FOR IMMEDIATE RELEASE
Ports Authority Presents Third Installment of $4-Million Community Mitigation Plan
North Charleston, SC - A local effort to foster environmental protection and economic revitalization in distressed neighborhoods has earned a national Environmental Justice Achievement Award through the U.S. Environmental Protection Agency (EPA).
The EPA presented the award today at North Charleston City Hall to the Lowcountry Alliance for Model Communities (LAMC), which includes seven North Charleston neighborhoods, the South Carolina State Ports Authority (SCSPA) and the Mitigation Agreement Commission, the board overseeing a $4-million Community Mitigation Plan funded by the SCSPA.
The 2009 Environmental Justice Achievement Award recognizes successful multi-stakeholder partnerships that address environmental justice issues or employ the goals of environmental justice to positively impact their community.
Presenting the award were the EPA's Region IV Acting Deputy Regional Director Beverly Banister and Associate Director for Environmental Justice Kent Benjamin, who also recognized 13 local organizations partnering in the group from state and local government, non-profits and higher education. Only four other Environmental Justice Achievement Awards were presented nationally.
"This is a tremendous example of the positive changes that partnerships can effect in communities across South Carolina," said Nancy Whittle, environmental quality control community liaison with the S.C. Department of Health and Environmental Control (DHEC). "Collaborative problem-solving is a powerful approach."
LAMC and its partners have worked on various issues impacting the health and economic well-being of their communities. One such project was the Community Mitigation Plan developed through the collaborative partnership of LAMC, the SCSPA and the City of North Charleston during the environmental permitting for a new container terminal at the former Navy Base. The mitigation plan includes funding for local scholarship programs, affordable housing, environmental monitoring, healthcare and wellness initiatives and other programs.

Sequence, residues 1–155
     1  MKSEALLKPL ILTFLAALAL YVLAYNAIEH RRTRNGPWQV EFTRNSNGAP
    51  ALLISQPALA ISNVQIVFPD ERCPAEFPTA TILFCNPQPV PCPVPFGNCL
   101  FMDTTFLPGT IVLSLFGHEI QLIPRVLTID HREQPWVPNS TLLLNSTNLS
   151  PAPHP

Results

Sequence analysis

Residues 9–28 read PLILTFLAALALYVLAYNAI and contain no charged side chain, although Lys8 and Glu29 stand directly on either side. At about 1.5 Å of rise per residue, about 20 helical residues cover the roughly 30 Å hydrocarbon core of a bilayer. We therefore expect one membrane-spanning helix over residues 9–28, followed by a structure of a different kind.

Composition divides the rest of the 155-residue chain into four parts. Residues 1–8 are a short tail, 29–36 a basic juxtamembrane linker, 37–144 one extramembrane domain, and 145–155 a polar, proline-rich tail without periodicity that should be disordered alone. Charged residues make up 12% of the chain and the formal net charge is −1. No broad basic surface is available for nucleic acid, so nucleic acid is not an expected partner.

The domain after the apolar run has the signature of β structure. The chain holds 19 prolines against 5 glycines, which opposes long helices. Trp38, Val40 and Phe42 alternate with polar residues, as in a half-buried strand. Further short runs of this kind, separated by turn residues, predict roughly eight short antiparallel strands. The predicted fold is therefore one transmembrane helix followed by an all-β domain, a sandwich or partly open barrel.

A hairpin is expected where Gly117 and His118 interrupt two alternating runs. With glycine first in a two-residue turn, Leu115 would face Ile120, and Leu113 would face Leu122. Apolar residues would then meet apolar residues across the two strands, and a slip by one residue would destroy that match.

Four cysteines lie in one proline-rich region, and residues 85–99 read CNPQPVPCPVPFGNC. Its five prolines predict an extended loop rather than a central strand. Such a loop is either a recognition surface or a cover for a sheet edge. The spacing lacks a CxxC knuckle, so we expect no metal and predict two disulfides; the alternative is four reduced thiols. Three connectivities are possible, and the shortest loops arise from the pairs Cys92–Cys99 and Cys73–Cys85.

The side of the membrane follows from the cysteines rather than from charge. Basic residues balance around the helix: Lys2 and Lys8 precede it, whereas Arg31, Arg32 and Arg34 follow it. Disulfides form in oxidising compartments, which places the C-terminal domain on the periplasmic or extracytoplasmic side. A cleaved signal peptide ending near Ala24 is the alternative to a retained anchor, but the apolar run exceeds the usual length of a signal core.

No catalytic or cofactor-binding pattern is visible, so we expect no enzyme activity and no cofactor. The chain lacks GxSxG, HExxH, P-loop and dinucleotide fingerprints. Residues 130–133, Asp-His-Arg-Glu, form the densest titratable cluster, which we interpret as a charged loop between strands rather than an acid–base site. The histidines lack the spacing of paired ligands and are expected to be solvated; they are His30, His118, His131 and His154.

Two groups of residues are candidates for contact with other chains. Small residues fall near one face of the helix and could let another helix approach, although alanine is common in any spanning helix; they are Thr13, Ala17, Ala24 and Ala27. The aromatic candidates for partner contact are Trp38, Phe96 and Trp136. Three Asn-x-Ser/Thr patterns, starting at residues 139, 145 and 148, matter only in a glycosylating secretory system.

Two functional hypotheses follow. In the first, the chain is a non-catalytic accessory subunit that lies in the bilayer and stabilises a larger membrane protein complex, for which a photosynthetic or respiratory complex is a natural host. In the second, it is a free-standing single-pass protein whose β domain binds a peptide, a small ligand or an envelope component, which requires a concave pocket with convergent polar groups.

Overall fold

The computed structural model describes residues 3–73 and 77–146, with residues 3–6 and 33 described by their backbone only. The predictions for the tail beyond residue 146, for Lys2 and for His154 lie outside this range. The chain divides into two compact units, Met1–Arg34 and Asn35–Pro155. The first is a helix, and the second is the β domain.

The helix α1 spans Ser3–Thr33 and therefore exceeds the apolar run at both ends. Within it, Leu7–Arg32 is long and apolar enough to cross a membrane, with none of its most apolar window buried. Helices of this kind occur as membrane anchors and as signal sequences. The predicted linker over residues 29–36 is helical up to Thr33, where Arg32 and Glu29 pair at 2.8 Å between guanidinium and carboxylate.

“LAMC was formed to create a unified voice for improving our neighborhoods,” said Rahim Karreim, acting president of LAMC. “We will continue to work on a number of important issues confronting our community. Through the mitigation funding, we are striving to improve the quality of life in our communities while productively addressing the economic and environmental issues we face.”
Over the past three years, LAMC and the Mitigation Agreement Commission have initiated several efforts, including a long-range Revitalization Plan for the LAMC communities, air monitoring discussions with DHEC and a public design charette for the Stromboli Road corridor with Clemson University Department of Planning and Landscape Architecture. Improvements to Stromboli Road are part of the planned Port Access Road that will connect the new port terminal at the former Navy Base to Interstate-26.
Also during the program, SCSPA Board Secretary John F. Hassell III presented a $300,000 check to North Charleston Mayor Keith Summey. This represents the SCSPA's third installment of the $4-million Community Mitigation Plan, bringing the total to $1,350,000 so far.
“This community has worked productively and collaboratively to advance their neighborhoods and certainly deserves this award,” said Hassell. “Working together, we are maximizing the community benefits of port expansion and minimizing the undesirable impacts.”
The community mitigation is part of a larger $12-million mitigation program to offset direct and indirect impacts of the SCSPA's new, 280-acre container terminal under construction at the former Navy Base.